Thursday, September 06, 2018

"The Conversation": 1974 Coppola thriller showed how surveillance worked in the analogue days

I’m reading Siva Vaidhyanathan’s “Antisocial Media”, a blue-book (like for taking exams) and Siva early on mentions the 1974 film “The Conversation”, directed by Francis Ford Coppola for Paramount.

The film is a good exercise on the mentality of analogue surveillance in the decades before the Internet. Gene Hackman plays Henry Caul, living in San Francisco, a private eye and former G-man who run his own surveillance business with manual wiretaps but who is extraordinarily finicky about how he relates even to the people who hire him (who include Martin (Harrison Ford) and his relationship with the “Director”, after whom Ford named his production company.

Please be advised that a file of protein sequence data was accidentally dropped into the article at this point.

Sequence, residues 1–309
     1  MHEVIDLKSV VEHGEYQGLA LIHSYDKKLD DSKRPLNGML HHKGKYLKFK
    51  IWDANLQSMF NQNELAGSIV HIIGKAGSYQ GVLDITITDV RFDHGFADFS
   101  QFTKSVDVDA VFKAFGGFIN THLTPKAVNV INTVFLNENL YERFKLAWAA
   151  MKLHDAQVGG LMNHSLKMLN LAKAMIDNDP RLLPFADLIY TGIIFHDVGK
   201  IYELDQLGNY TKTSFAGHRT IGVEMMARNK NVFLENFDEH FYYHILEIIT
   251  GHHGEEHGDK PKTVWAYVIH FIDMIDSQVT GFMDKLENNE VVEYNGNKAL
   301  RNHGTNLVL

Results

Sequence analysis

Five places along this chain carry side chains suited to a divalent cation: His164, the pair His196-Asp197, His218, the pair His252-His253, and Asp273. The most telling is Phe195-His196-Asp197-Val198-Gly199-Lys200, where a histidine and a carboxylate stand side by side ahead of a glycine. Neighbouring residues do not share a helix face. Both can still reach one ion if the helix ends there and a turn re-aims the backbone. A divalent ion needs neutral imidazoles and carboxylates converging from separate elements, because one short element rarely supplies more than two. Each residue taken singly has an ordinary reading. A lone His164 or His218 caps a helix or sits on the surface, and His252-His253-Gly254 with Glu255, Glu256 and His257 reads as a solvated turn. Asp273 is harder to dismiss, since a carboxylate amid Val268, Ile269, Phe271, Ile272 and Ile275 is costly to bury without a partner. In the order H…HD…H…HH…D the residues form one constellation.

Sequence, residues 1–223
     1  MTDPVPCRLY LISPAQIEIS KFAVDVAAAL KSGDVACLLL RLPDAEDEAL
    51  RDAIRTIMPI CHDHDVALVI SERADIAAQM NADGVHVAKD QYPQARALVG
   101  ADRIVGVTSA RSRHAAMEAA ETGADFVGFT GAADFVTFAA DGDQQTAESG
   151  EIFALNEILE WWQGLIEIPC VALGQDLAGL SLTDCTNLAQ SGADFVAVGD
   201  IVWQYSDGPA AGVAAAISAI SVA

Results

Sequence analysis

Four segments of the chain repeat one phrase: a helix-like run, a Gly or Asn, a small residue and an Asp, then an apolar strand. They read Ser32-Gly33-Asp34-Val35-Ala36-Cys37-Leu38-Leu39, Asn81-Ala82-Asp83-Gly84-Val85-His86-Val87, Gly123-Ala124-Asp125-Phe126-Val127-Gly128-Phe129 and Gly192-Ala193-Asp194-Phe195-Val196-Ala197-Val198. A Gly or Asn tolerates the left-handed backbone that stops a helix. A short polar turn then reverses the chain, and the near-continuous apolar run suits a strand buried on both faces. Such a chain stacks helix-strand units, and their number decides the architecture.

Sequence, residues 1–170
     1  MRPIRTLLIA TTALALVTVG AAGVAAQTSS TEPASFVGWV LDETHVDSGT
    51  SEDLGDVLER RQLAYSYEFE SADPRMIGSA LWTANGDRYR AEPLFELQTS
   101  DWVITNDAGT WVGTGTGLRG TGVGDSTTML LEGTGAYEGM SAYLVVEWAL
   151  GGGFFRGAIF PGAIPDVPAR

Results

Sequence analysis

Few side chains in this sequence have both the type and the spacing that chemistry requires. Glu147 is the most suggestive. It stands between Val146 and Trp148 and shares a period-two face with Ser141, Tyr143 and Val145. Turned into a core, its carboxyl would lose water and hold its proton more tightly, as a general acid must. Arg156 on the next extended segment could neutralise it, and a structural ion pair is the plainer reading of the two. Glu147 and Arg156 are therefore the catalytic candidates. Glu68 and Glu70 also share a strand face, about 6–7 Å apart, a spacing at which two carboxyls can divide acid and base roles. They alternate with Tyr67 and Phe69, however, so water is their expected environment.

Much of the plot centers around his belief that a couple he is shadowing will be murdered.
The film is curious in that it is filmed in the old 1.37:1 aspect ratio.  I think I saw it in NYC in the summer of 1974 during the Nixon Watergate hearings, before I moved into the city myself on September 1, 1974.
Wikipedia: Public Domain, Link

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